CHANGES PROPOSED IN the Critical Access Hospital program threaten the participation by many of New England’s rural hospitals, including Redington-Fairview General Hospital in Skowhegan.
The proposals were included in a federal report released on Aug. 15 by the Office of the Inspector General of the Department of Health and Human Services.
This program, which has been in place for nearly two decades, is designed to stabilize small rural hospitals and reduce their risk of closure. It improves the financial viability and quality of key services. A designation of Critical Access Hospital provides qualifying rural hospitals with volume-appropriate Medicare reimbursement along with other regulatory provisions and technical assistance resources.
States now have the authority to determine which of their rural hospitals are “necessary providers.”
The proposed changes would replace that with a simple drive-time-distance test between hospitals, which does not take into account the types of services available at each hospital.
Most of the current Critical Access Hospitals across New England could lose this vital program, potentially affecting the lives of people who live in these communities.
Critical Access Hospitals are safety net providers for rural communities and the hubs around which local systems of care are organized.
The loss of a hospital in a rural area, therefore, will affect the economic health of the community and residents’ access to primary, emergency and acute care services.
Critical Access Hospitals serve a disproportionate share of elderly and low-income individuals, populations most affected by the burden of travel to distant hospitals.
The proposed changes coincide with rising concerns about recent growth in rural hospital closures. Many Critical Access Hospitals already face ongoing financial and operational challenges because of their rural location, workforce shortages, struggling economies and constrained resources.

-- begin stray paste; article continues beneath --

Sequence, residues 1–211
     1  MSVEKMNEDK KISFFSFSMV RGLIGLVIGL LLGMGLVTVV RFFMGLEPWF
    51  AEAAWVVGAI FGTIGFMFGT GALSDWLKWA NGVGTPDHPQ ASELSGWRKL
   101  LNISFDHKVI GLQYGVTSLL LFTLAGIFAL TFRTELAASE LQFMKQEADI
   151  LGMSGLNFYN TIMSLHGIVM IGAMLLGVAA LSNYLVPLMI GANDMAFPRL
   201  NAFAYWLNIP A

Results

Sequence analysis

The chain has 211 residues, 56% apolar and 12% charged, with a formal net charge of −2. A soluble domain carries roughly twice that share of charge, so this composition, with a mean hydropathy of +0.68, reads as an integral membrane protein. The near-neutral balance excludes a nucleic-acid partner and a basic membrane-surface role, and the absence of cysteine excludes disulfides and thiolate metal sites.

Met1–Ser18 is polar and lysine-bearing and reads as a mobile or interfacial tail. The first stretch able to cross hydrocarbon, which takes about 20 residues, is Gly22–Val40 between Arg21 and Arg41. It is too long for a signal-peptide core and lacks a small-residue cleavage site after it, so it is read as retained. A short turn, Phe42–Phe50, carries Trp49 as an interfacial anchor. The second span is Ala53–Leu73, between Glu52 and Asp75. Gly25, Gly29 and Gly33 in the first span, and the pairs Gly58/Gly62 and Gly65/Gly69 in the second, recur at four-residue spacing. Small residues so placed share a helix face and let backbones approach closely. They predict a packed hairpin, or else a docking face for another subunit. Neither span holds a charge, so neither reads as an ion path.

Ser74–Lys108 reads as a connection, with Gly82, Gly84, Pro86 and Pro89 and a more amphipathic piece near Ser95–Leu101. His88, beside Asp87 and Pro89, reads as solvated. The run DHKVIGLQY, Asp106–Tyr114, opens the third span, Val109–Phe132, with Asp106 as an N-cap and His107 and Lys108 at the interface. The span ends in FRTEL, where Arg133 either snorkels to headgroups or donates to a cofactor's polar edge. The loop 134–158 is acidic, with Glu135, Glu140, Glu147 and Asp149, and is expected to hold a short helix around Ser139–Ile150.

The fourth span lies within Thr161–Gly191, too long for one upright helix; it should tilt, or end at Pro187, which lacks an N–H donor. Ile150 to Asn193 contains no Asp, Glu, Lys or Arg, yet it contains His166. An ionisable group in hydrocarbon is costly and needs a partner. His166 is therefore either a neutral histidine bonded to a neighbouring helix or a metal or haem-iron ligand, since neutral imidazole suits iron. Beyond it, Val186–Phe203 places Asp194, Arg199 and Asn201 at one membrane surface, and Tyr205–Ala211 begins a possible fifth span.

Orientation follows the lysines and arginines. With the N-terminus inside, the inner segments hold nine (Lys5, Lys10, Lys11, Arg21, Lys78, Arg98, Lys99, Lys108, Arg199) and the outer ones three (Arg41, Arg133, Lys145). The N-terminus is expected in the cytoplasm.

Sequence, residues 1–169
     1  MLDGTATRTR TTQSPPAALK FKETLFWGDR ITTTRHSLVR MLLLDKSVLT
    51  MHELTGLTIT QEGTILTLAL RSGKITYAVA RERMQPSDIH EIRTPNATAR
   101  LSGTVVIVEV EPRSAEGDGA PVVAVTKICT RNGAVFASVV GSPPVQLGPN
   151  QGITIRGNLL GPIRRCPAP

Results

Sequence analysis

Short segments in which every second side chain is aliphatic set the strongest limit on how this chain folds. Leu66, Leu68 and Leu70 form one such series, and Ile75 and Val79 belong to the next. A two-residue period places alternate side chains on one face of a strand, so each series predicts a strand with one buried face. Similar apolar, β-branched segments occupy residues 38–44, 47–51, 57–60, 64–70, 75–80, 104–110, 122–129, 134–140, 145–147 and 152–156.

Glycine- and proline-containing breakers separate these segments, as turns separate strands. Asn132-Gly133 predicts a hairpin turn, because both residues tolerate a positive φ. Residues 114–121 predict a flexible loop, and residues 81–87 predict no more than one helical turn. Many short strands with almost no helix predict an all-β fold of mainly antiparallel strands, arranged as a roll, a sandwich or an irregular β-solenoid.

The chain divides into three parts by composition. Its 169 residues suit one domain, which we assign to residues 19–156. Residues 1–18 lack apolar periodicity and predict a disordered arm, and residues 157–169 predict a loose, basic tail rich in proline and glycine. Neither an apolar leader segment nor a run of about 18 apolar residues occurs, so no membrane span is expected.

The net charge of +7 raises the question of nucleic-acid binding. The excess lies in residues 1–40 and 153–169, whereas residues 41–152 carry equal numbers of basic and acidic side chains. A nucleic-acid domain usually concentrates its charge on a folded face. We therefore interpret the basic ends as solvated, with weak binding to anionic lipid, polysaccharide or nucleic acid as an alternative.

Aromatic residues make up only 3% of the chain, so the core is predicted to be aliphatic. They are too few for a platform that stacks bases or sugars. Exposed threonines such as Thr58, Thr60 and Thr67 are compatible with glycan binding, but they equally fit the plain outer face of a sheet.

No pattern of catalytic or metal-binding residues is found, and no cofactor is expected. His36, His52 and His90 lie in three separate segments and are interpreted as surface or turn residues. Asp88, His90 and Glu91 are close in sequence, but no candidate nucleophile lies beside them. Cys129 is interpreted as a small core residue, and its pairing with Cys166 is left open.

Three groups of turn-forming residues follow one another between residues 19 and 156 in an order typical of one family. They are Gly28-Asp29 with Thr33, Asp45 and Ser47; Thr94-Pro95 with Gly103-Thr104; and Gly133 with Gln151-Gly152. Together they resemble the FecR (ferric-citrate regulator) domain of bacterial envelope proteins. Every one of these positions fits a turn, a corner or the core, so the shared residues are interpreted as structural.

Critical Access Hospital designation helps them meet these challenges while serving their communities.
The New England Rural Health Round Table works closely with Critical Access Hospitals by supporting training initiatives, quality and performance improvement programs, and networking opportunities. We know their commitment to patients and providing high-quality, cost-effective care. They care for our families and vulnerable populations, employ our neighbors and provide essential services.
Faced with the need to prepare for health reform implementation, the challenges posed by slow recovery of rural economies and a new round of rural hospital closures, we question the wisdom of overriding state determination of necessary provider status for program participation.
The Critical Access Hospital program, while modest compared to other federal programs, is crucial to rural communities as it successfully fulfills its mission of ensuring access to care and protecting the health of rural residents.
Julie Arel is executive director of the New England Rural Health Round Table.